Indoor Air Pollution and Health

Indoor Air Quality

PHOTO: Brian Babb, Unsplash

October is National Indoor Air Quality Awareness Month

According to the American Lung Association, people take an average of 21,600 breaths per day. With 80% of our time spent indoors, the quality of the air we breathe is very important to our health. A variety of harmful containments including carbon monoxide, radon, mildew, molds, secondhand smoke, allergens, and chemicals can mix together in our home creating polluted air that can lead to increased asthma rates and exacerbate respiratory conditions. In commercial settings the consequences can be even more severe.

Common Contaminants

Carbon Monoxide

Every home should have a carbon monoxide detector placed near the furnace, stove, and oven as well as outside sleeping areas. Using detectors will provide protection from carbon monoxide poisoning.


Radon is another risk.  Over time can regular exposure can increase your chance of getting lung cancer, especially if you smoke. Be sure to get your home tested to determine its levels and if remedial action is needed, make sure your home is properly ventilated to reduce the levels of radon. Change filters on forced air furnaces and air conditioners, as recommended.


If you’re a smoker quitting is the best course of action, but if you’re not ready for that at least smoke outside. Cigarette smoke lingers on clothing and hands, so if you have small children wash your hands or change your clothes before holding them.


While outdoor air quality is a major factor for allergy sufferers, there are many things that can affect indoor air quality as well. The main sources of indoor allergens are pets, wall-to-wall carpeting, soft furniture, stuffed toys, bedding, damp areas, indoor plants, and mattresses that aren’t in allergy covers. A lack of indoor ventilation is generally the primary culprit, so proper air circulation is essential and HEPA vacuums can help keep allergens in check.


When an item gives off formaldehyde, it is released into the air through a process called off-gassing. High humidity and high temperatures can speed up and increase the release of formaldehyde from products and surfaces. In some spaces such as manufacturing and commercial buildings, formaldehyde vapors may reach dangerously high concentrations.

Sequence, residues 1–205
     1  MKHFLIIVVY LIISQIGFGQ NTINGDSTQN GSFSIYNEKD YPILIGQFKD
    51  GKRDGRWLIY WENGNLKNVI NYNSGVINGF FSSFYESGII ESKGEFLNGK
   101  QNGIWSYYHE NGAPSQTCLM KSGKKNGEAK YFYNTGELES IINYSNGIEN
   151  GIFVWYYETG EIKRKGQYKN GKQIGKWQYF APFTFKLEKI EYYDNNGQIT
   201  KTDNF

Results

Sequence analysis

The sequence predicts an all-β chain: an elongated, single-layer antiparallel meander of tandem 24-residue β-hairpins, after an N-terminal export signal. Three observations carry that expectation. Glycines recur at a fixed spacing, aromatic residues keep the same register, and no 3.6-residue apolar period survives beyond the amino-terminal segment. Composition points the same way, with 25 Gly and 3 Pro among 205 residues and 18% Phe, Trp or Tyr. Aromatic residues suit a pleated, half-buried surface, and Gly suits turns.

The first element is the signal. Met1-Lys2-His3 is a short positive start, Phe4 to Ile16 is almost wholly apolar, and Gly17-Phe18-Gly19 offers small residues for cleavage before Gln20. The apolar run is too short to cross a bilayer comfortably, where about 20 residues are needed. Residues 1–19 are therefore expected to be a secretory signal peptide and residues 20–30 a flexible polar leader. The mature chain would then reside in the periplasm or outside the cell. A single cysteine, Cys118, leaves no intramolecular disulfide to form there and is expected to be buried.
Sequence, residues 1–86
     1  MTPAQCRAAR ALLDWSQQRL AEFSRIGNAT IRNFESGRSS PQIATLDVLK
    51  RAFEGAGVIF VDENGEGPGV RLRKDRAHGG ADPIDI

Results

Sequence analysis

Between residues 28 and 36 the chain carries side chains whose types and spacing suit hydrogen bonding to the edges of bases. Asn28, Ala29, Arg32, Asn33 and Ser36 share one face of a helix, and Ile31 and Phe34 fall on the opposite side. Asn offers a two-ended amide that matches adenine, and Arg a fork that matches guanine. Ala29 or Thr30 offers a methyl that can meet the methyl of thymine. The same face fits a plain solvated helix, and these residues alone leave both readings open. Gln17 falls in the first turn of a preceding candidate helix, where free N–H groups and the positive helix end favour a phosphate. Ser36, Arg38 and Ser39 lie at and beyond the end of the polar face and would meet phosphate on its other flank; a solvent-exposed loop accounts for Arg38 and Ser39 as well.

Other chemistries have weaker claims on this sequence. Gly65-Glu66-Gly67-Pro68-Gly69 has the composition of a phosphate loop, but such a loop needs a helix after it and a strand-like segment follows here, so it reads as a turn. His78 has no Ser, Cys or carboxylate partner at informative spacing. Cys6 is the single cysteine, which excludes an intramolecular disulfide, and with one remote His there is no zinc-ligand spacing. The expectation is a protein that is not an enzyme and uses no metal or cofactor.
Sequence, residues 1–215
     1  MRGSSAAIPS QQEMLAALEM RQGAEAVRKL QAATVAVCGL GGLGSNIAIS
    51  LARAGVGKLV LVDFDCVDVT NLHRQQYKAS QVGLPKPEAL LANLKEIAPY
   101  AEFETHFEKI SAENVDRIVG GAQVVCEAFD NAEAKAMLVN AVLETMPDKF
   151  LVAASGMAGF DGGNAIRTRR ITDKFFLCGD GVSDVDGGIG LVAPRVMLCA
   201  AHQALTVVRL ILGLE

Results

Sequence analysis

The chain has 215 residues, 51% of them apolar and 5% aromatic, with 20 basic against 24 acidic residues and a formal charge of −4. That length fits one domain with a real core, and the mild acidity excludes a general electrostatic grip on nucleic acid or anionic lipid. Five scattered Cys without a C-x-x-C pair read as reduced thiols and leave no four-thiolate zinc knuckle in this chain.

More information

The EPA website has a great introduction to potential contaminants that could make it into your home, with links to other pages on the site providing further details.

Sick Building Syndrome

Indoor Air Quality - Commercial Buildings

The term “sick building syndrome” (SBS) is used to describe situations in which building occupants experience acute health and comfort effects that appear to be linked to time spent in a building, but no specific illness or cause can be identified.

Indicators of SBS include:

  • Building occupants complain of symptoms associated with acute discomfort, e.g., headache; eye, nose, or throat irritation; dry cough; dry or itchy skin; dizziness and nausea; difficulty in concentrating; fatigue; and sensitivity to odors.
  • The cause of the symptoms is not known.
  • Most of the complainants report relief soon after leaving the building.

The Indoor Air Facts No. 4 – Sick Building Syndrome Factsheet by the EPA offers detailed information about this syndrome and potential solutions, along with links to information at state and local levels.

Related Articles

Home Air Filtration

Best Home Air Filtration Systems

Portable air cleaners, also known as air purifiers or air sanitizers, are designed to filter the air in a single room or area. Central furnace or HVAC filters are designed to filter air throughout a home. Portable air cleaners and HVAC filters can reduce indoor air pollutants, including viruses, that are airborne. When used along with other best practices recommended by CDC and others, filtration can be part of a plan to protect people indoors.

Dust Mites

There’s More to Dust than Just Dirt

What’s in your home’s dust? The average home collects 40 pounds of dust every year; and it isn’t just small particles of dirt. Surface dust can include a wide range of airborne aerosols including mold spores, pollen, insect parts, skin cells, fibers, mineral dust and more. Knowing what’s in your dust will help you select the right air filtration system for your home.

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